2017 Craft Talks

Join us at the Boulder Generative Workshop to hear from Andre Dubus III, Camille Dungy, and Pam Houston on the following topics:

Digging Beneath the Surface: The Discovery of Story Itself:  If I teach nothing in my writing classes, I teach this: do not outline your novel or novella or short story or essay. Do not think out the plot, the narrative arc, the protagonists’s journey, whatever you want to call it. Instead, try to find the story through an honest excavation of the characters’ total experience of the situation at hand. Do that, and I promise the story will begin to write itself, with little help from the godly, intelligent, well-read, and ambitious author. But how, precisely, does one go about this “excavation”? And how, technically speaking, can we ignite a story into “writing itself”? Come to this workshop, and I will seek to demystify those writerly tools and skills that time and time again, if they are sharp enough, and if the writer can summon enough daily faith and nerve, can penetrate the mystery of story itself. -Andre Dubus III

Writing The Real World:  These are not easy times. As writers, it is sometimes hard to grapple with the world around us without our writing crumpling under the weight of our fears and frustrations. In this workshop, we will read work that engages both the political and the aesthetic as we seek out ways to write compellingly and directly engage with political, environmental, socio-economic, and cultural topics that activate our day-to-day lives. Though we will mostly be reading poems, many of the strategies these writers use can be employed across a number of genres. We’ll even work on drafting some starts ourselves. By the end of the workshop, you should be equipped with several new ways to write the work you need to write in the face of the times in which we are living.  – Camille Dungy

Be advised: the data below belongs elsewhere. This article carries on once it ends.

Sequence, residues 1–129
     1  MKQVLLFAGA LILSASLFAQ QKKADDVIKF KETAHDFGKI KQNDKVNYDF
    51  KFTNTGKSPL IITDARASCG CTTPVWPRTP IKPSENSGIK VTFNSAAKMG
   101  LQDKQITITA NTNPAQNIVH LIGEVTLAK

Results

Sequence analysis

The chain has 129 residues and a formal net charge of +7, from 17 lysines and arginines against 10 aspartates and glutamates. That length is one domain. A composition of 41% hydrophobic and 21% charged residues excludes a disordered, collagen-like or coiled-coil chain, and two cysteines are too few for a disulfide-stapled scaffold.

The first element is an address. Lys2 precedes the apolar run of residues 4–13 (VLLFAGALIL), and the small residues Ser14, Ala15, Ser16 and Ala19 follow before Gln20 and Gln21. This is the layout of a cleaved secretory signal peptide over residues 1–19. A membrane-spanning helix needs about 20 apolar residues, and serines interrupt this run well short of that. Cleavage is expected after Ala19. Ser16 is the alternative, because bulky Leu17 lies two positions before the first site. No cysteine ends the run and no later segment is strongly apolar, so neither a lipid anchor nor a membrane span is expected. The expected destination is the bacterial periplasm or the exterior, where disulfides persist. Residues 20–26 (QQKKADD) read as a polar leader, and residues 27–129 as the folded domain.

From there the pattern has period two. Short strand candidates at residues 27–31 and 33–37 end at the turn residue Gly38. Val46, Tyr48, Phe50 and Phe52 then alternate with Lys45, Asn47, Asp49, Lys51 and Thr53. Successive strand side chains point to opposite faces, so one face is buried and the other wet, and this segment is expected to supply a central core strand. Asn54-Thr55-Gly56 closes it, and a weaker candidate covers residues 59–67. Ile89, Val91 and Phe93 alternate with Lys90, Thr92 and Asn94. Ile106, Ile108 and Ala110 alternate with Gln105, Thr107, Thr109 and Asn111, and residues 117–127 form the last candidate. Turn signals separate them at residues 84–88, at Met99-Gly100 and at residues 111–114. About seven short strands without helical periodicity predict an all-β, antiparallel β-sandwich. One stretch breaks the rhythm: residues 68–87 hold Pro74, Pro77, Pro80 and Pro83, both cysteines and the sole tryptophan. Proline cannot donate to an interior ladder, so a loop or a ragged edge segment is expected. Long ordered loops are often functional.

Playing Tennis without a Net, or a Ball, or a Racquet, or a Serena Williams Signature Tennis Skirt:  Dialogue.  Some writers love it, some writers fear it, and all of us, sometimes, could ask it to work harder than we do. This craft talk will examine what dialogue is best at, what dialogue is not so great at, and maybe even more importantly, how to write dialogue that will make your reader want to lean in and listen hard. We’ll talk about all the nuts and bolts of writing great dialogue, pacing, rhythm, those pesky attributions, and why it is often a better idea to sink the emotion of the scene down into the body of the character who is talking, or into the objects in the room, or what’s going on outside the window, rather then letting those emotions sit on top in a bunch of nasty adverbs. We will look at many examples of great dialogue from literature, and then we will write some of our own. – Pam Houston